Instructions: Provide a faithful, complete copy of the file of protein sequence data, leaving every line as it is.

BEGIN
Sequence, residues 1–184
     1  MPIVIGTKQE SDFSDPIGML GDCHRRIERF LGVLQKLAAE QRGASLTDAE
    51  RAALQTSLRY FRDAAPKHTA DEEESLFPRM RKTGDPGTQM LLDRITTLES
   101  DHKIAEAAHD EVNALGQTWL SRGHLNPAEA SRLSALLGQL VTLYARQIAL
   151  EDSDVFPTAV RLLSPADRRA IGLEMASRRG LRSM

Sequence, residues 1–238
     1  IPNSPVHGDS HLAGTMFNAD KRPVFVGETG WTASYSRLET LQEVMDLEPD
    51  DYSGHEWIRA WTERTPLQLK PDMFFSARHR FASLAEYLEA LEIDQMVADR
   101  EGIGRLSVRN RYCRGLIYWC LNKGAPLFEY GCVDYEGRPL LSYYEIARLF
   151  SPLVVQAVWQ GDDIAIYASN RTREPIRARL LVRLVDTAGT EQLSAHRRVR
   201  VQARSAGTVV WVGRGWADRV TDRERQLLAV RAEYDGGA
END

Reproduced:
Sequence, residues 1–184
     1  MPIVIGTKQE SDFSDPIGML GDCHRRIERF LGVLQKLAAE QRGASLTDAE
    51  RAALQTSLRY FRDAAPKHTA DEEESLFPRM RKTGDPGTQM LLDRITTLES
   101  DHKIAEAAHD EVNALGQTWL SRGHLNPAEA SRLSALLGQL VTLYARQIAL
   151  EDSDVFPTAV RLLSPADRRA IGLEMASRRG LRSM

Sequence, residues 1–238
     1  IPNSPVHGDS HLAGTMFNAD KRPVFVGETG WTASYSRLET LQEVMDLEPD
    51  DYSGHEWIRA WTERTPLQLK PDMFFSARHR FASLAEYLEA LEIDQMVADR
   101  EGIGRLSVRN RYCRGLIYWC LNKGAPLFEY GCVDYEGRPL LSYYEIARLF
   151  SPLVVQAVWQ GDDIAIYASN RTREPIRARL LVRLVDTAGT EQLSAHRRVR
   201  VQARSAGTVV WVGRGWADRV TDRERQLLAV RAEYDGGA